mercredi 26 octobre 2011

LYONEL BAUCHET: The Secret Society (2011)

1 Introductory March to the Secret Society 6:26
2 Lifeworld 9:22
3 Ocean Spleen 4:19
4 Pavane K4816 7:02
5 So Much for Subtlety 3:51
6 Each Will Have His Personal Rocket 13:19
7 Dawn 4:23
8 Blissfully Ours 4:56
9 Thank You and Good Night 7:50


DiN DLL 11

Lyonel Bauchet’s The Secret Society respects the precepts of DiN’s label contemporary EM; a dark and experimental music which tergiversates between stagnant rhythms and ambiances on dark and experimental structures. Rhythms more implosives than explosives with reminiscences as eclectic as Tangerine Dream and Autechre while passing by Spyra and Namlook, here is of whom is made this first opus of the synthesist of France. Far from being a newcomer in the syncretic universe of contemporary EM, Lyonel Bauchet possesses a vast experience at the musical level, having composed more than 2000 musical pieces for television, cinema and radio. But he hadn’t produced an album until then and it’s to Ian Boddy that we owe this small jewel that is The Secret Society. While taming the complex and immense Buchla 200e modular synthesizer, Bauchet made noticed by Boddy. He posted clips on Internet while explaining the process of his learning when the founder of DiN noticed him and invited him to realize his first opus. A first opus which lets glimpse interesting future prospects, as much as for us as for Lyonel Bauchet.
A metallic veil pierces the silence. A fine pulsation emerges from it, introducing The Secret Society’s first stammering. Weaved in an intriguing and mysterious approach, where the indefinite rhythm beats on arrhythmic pulsations and felted percussions, "Secret Introductory March to the Society" progress in an ambiance in suspension. Ringing as Tibetan as abyssal, chthonian choirs, lugubrious mist and sinuous threatening reverberations decorate the sound setting of this track which tergiversates constantly between its ambiances and torments. A premise that will follow throughout The Secret Society. More livened up, "Lifeworld" moves in a nebulous ambiance, although its rhythmic structure is more insidious and hybrid. A somber and slow structure which progresses of a veiled approach with frenzied pulsations/percussions pounding and galloping on a circular rhythm to polymorphic core. A rhythm which increases constantly its strength with a tangent vitamined by tribal percussions, it slides towards a dark techno, kind of Juno Reactor style, to judder of a dislocated pace initiated by an array of tribal and metallic percussions. In another register, "Ocean Spleen" is a dark ambient with heavy wrapping synth waves, while "Pavane K4816" proposes a slightly more lively structure. It’s an experimental and lugubrious electronic ballad which evolves slowly on an ascending structure seasoned by tenebrous winds, sinister droning and a mephistophelic mist which wraps mislaid keyboards and\or electric piano chords and riffs. "So Much for Subtlety" is superb and catchy with its limpid arpeggios which ring and float slowly on a hatched circular structure. For a short track Lyonel Bauchet deploys it all on this melody fragmented in a shadowy eclectic universe and strongly livened up by good percussions which hammer a stroboscopic structure where the composite rhythms push the hammer of our eardrums.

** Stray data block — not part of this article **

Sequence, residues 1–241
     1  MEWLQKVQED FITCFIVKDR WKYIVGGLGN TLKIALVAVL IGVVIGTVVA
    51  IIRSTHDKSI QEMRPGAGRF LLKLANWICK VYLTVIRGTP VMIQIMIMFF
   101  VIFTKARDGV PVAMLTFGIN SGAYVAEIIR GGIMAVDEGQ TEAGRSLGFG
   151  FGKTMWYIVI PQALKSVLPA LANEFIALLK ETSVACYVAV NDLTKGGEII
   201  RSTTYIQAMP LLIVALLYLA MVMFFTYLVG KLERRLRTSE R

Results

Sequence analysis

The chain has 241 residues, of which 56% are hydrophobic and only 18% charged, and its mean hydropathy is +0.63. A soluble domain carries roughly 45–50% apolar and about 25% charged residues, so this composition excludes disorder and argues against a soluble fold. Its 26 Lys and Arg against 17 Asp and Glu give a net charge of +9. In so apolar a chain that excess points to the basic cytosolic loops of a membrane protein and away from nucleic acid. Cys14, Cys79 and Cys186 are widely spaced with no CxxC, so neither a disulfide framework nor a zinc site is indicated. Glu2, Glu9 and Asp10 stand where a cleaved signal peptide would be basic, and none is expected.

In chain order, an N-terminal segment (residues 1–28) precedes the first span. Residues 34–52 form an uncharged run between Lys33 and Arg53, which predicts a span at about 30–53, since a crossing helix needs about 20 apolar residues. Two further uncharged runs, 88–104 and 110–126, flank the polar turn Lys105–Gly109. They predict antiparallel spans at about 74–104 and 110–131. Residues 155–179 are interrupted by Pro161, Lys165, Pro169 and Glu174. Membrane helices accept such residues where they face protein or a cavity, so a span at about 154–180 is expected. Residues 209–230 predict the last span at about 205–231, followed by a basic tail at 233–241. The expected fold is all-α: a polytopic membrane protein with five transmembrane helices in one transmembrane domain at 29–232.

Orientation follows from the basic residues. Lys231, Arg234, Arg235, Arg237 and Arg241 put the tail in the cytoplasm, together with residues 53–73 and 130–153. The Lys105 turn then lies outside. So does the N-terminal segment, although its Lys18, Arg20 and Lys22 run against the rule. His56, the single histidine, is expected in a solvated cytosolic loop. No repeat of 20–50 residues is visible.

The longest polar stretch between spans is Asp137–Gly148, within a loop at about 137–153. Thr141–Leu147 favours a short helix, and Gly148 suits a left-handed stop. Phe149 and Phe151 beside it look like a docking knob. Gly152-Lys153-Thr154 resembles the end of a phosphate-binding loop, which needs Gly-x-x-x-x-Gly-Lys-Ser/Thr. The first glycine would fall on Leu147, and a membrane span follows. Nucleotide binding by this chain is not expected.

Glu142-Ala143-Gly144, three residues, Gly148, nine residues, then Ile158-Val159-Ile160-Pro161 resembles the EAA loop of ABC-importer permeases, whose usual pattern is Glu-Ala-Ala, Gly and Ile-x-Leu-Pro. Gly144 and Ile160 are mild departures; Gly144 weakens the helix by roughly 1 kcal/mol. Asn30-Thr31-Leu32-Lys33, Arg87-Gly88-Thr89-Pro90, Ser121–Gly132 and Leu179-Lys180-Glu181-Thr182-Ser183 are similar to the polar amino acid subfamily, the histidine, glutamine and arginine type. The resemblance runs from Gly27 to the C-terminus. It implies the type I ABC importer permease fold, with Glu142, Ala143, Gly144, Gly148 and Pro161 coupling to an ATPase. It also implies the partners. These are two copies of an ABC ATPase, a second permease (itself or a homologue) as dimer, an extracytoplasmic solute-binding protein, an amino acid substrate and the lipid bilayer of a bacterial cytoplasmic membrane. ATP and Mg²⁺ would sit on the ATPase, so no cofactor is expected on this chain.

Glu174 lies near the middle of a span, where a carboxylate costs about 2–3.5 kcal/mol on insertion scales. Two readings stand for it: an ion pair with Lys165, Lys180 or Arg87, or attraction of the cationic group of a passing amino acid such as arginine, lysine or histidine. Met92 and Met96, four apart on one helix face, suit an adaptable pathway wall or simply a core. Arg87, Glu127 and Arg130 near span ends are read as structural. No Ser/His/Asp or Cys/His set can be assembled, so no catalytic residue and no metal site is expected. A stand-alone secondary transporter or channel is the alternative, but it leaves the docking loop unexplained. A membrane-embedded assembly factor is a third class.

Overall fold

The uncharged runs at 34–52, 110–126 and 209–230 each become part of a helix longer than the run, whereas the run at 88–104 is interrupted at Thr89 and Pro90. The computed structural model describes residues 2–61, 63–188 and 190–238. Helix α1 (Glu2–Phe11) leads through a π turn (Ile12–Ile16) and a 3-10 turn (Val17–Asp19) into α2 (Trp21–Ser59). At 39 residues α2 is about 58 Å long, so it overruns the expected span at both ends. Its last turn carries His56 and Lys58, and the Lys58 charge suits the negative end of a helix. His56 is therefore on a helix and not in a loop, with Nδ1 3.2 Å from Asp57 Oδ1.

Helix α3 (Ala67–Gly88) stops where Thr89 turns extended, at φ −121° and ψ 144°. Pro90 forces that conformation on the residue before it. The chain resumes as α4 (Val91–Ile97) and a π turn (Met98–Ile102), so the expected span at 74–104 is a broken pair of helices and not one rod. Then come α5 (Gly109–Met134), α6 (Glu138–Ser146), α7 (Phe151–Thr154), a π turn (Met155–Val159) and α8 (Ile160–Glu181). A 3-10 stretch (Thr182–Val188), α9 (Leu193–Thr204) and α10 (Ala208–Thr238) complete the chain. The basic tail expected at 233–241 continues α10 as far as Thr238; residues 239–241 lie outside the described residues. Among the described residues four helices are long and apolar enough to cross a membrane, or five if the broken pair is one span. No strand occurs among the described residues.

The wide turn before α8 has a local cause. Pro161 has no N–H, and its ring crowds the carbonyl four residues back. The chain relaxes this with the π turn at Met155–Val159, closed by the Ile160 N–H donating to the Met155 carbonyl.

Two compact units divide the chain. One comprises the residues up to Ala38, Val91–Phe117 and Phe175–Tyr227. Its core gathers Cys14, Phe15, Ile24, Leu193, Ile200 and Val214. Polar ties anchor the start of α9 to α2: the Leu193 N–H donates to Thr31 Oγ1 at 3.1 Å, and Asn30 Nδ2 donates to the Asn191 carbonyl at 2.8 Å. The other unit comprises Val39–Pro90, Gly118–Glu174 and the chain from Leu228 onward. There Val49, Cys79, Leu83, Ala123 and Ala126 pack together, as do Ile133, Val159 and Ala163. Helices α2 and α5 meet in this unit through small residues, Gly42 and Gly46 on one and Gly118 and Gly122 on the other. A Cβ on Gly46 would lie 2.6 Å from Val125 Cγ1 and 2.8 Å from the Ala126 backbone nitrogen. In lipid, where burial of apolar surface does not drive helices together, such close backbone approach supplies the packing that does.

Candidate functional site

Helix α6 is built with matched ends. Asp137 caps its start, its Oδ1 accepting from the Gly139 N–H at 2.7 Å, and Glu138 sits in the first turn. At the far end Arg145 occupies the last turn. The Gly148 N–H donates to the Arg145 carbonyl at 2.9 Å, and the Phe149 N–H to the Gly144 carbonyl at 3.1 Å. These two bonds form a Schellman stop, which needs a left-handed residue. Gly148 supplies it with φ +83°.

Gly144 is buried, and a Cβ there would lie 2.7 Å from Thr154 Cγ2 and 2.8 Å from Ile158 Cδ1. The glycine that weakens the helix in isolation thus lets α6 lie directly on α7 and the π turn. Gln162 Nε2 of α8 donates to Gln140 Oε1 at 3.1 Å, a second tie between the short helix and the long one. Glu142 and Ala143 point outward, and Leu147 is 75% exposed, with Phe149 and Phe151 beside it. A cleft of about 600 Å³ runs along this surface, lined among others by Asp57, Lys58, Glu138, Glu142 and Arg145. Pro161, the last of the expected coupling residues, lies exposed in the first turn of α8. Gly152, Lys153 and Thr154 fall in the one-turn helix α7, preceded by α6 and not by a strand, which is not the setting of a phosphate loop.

Dark and in a constant and subtle evolution "Each Will Have His Personal Rocket" is a slow procession of an ambiguous and hesitating rhythm. The intro is obscure, even black, and progresses with pulsations which increase constantly their rhythmic duels beneath glaucous breeze, black winds ululating such as sirens and a bass line to humming notes. In mid-term the percussions bind themselves in this slow rhythmic procession. The tempo progresses then with the rollings of the electronic skins and a more spasmodic rhythm which gesticulates awkwardly under somber and icy synth winds. Another catchy track, but for totally different reasons, "Dawn" is the another jewel which will please undoubtedly fans of Tangerine Dream and sequences rolling as balls in Hyperborea and Poland albums. Superb, these sequences roll and follow a very nice oscillating curve beneath suave synth breezes, bringing us to memories of a good Tangerine Dream era. It’s a very great track which precedes the not less delicious "Blissfully Ours" which is as much catchy and inviting to stamp foot as "So Much for Subtlety", except the structure is curt and hatched. Another catchy tune than we don’t get tired to listening to, "Thank you and Good Night" closes The Secret Society with a supple tempo of which curves and elastic loops hang on to iridescent droning as well as to superb percussions. Percussions which shape a mesmerizing rhythmic canvas and of which clear and resonant knocks announce nice rhythmic modulations. Penetrating, the synth throws great layers as ethereal as wrapping, crossing at random lonely riffs and winds. It’ a great conclusion for an album to the antipodes of rhythms, influences and melodies.
I liked Lyonel Bauchet’s first opus. Navigating on several influences and rhythmic approaches, The Secret Society touches all the spheres and possibilities of styles that EM and synthesizers can influence. And spread out over 60 minutes, we have to admit that the variety is such that we have to quench our urge for exploration on several listening and still. Available in downloadable on the DiN website (http: // www.din.org.uk/
), The Secret Society guaranteed you 60 minutes of pure magic and all the happiness which is linked with it.

Sylvain Lupari (2011)
Cet article est disponible en Français sur le site de Guts of Darkness, dont je suis chroniqueur sous le nom de Phaedream
:
http://www.gutsofdarkness.com/god/objet.php?objet=14693


  Here's Lyonel Bauchet website: http://vimeo.com/lyo

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